Infected is the 4th album from Central Valley, California Horror/Death metal collective Zombie Death Stench.
This is my first time listening to ZDS, so I had little to no expectations going into this, using just the vague band description to form any pre-conceived notion about the music. I’ve always appreciated the “horror” side of music genres, from metal to psychobilly and everything in between (with the Misfits being one of my favorite bands for most of my life). Thus began my journey to see if Zombie Death Stench would linger in my mind as effectively as the stench of dead zombies would in my nostrils.
Infected begins with a captivating intro track titled “Outbreak” before kicking into “Godless Dawn.” A couple of songs in, I was starting to theorize about how the remaining album was going to sound, and my theory wasn’t entirely wrong.
ZDS’s strength lies in their ability to write tasty, groove-laden riffs that really keep your head nodding, in addition to some tasteful leads and solos. Unfortunately the zombie is in the details, and the details in this case lie in the overall execution. Infected lacks some desperately needed dynamics in the compositions and performances. Each song chugs along rather predictably, with little variance to make the songs memorable. “Boneless Grave” takes on more of a rock feel, with guttural vocals which I felt were stronger than their more metallic outputs.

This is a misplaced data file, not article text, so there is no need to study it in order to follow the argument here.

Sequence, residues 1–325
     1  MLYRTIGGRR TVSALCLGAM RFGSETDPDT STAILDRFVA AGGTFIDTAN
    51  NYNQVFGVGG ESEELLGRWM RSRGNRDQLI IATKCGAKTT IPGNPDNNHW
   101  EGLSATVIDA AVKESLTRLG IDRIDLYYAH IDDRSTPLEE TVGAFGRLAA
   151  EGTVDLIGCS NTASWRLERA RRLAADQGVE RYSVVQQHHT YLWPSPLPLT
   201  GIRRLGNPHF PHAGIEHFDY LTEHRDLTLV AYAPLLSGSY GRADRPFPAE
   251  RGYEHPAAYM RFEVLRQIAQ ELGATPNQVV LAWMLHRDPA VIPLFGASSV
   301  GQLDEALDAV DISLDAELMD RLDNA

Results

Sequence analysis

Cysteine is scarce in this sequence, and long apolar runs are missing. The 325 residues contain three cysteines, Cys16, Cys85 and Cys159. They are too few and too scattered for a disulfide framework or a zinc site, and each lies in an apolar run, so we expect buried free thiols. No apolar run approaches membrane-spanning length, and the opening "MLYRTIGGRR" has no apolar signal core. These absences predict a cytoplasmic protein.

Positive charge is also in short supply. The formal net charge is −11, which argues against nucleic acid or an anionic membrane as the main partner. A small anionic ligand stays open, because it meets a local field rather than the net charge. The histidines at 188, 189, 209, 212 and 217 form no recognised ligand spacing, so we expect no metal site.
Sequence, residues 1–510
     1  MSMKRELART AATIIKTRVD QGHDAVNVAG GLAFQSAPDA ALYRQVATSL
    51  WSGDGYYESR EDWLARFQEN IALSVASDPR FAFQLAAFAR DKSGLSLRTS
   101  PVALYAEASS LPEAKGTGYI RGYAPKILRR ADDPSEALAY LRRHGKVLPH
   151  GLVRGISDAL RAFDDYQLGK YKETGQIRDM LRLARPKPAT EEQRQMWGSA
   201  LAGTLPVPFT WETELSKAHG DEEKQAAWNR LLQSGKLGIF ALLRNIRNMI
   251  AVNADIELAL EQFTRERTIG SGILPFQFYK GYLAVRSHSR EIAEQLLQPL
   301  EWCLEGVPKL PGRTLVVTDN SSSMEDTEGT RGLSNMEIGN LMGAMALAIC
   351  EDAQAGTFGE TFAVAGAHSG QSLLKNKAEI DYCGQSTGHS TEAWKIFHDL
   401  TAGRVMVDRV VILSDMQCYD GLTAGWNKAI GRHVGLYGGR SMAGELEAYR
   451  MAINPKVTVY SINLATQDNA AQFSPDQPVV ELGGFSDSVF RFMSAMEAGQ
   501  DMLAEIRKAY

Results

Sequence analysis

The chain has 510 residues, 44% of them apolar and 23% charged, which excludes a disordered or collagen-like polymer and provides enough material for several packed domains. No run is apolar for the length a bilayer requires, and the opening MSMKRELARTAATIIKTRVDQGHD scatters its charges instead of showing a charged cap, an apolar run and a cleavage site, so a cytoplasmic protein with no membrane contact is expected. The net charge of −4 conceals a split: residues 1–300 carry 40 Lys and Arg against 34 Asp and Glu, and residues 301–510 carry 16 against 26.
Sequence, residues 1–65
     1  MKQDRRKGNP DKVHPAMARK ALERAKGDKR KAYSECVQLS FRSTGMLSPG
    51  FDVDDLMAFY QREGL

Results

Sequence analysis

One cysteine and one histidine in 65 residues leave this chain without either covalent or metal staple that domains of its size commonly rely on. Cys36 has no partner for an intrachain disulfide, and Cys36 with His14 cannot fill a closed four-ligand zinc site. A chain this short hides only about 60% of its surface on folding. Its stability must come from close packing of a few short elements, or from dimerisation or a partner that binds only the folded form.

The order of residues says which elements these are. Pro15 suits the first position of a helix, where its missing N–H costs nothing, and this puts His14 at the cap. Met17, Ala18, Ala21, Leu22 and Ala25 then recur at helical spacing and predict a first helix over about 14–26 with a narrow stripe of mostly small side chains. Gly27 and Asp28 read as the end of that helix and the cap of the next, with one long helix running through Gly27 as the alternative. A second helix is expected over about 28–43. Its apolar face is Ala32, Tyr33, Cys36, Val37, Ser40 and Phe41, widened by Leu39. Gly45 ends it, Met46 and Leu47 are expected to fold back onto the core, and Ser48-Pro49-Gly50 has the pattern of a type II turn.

Drums and vocals stayed fairly linear in delivery, and followed too closely in step with the rhythm guitar; this regretfully diminishes any punch they could have, and doesn’t really add to the songs.
There are great moments on Infected, and their use of synths does add a nice atmospheric touch, but it’s just not enough for me. I feel like a lot of the right elements are present, however they need to be refined a little more to have ZDS really step out of the pack.
I’m curious to check out their previous work to compare how they’ve evolved over the years, at the very least I think they’re on the right track with Infected.
Written by Paul Ablaze
*edited by Kate Erickson